Market systems resilience is a relatively unexplored area in development. While it builds on market development, it addresses the capacity of a market system to absorb, adapt, or transform in the face of shocks and stresses. Within the broader economic, political, socio-cultural, and environmental systems in which they operate, markets are a means of allocating resources to solving system problems, such as those related to shocks and stresses. In other words, markets are an integral part of the ecosystem that resilience programming has long focused on.

This paper focuses on resilience at the systems level. USAID has defined resilience at various levels, including the individual, household, community, and systems level; however, systems-level resilience has yet to be fully defined. Defining markets as complex adaptive systems (CAS)1, this paper explores systems-level resilience, drawing from a body of research on systems thinking,2 and institutional, behavioral, and evolutionary economics.3 It explores an approach to strengthening market-systems-resilience capacities based on the assumption that systems are dynamic, thus what is needed is an understanding of how to facilitate the direction of market system change away from what is defined as reactive and toward proactive structural and behavioral characteristics. This paper defines resilience along a continuum of structural and/or behavioral characteristics, which at the reactive end inhibit market systems from being able to absorb, adapt, or transform in the face of shocks and stresses. At the proactive end of the resilience continuum, structural and behavioral characteristics enable market systems to adapt and transform toward a greater capacity for resilience. Market systems resilience is defined more broadly as the ability of the system to draw on system-level resources—such as social safety nets, early-warning systems, emergency relief systems—in the face of shocks and stresses.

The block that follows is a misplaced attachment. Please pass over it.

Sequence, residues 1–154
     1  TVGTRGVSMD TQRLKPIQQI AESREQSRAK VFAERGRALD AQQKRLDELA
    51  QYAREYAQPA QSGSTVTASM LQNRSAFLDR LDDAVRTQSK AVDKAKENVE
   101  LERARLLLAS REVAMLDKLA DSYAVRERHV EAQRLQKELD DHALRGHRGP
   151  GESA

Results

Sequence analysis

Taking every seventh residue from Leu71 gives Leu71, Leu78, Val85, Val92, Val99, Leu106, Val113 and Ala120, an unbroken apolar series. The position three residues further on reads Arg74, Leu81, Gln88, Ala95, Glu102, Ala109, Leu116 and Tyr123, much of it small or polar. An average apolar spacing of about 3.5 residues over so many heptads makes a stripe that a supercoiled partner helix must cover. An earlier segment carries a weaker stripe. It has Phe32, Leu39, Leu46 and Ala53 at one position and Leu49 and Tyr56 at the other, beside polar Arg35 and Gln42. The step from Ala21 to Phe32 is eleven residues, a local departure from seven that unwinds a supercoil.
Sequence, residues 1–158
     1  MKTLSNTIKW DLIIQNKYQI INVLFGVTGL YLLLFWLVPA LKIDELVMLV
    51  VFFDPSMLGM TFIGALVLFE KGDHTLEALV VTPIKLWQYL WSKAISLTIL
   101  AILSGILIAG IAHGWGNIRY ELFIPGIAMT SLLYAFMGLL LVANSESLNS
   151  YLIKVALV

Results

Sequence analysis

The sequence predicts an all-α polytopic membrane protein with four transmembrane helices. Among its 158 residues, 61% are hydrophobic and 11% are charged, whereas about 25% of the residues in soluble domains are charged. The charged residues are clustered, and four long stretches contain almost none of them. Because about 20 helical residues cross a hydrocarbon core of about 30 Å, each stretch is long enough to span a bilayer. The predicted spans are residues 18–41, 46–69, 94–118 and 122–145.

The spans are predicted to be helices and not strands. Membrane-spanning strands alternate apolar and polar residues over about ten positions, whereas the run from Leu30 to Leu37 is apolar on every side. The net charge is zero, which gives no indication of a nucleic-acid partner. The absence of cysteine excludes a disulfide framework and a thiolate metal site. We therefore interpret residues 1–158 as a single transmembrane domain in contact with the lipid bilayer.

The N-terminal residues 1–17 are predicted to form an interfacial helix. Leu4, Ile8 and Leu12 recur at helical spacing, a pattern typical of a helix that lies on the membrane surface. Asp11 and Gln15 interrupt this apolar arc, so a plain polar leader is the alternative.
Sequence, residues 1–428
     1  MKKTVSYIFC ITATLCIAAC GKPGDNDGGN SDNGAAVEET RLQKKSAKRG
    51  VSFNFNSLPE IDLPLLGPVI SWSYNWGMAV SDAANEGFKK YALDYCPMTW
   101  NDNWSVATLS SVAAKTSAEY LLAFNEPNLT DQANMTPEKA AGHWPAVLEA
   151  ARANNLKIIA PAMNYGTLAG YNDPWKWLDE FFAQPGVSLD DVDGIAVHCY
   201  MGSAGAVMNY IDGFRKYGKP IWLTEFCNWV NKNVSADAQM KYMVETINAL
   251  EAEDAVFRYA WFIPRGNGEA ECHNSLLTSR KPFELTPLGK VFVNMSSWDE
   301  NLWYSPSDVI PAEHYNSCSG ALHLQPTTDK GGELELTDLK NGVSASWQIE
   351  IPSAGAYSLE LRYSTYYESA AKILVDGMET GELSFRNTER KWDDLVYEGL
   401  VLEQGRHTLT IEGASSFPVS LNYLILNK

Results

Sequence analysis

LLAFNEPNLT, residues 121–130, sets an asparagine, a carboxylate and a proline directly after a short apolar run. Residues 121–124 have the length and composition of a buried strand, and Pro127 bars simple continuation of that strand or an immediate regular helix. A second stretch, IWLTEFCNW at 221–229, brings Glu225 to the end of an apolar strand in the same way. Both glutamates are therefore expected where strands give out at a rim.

This paper begins by examining markets as complex adaptive systems to better understand—at the system level as opposed to the individual, household, community or even enterprise level—how market systems respond to shocks and stresses. With this understanding, the characteristics of market systems resilience are explored and a theory of change for how to strengthen market system resilience capacities is proposed. This paper ends with a tool for assessing market system resilience.

Finally, this paper is exploratory; an early stage of what will be a longer process of testing and ground truthing of the characteristics of market systems resilience, the theory of change, and the assessment tool. Moreover, although the paper draws from academic research, it is aimed at development and humanitarian-assistance practitioners and designed to be used by field practitioners, who can over time verify and refine the theory of change and approach.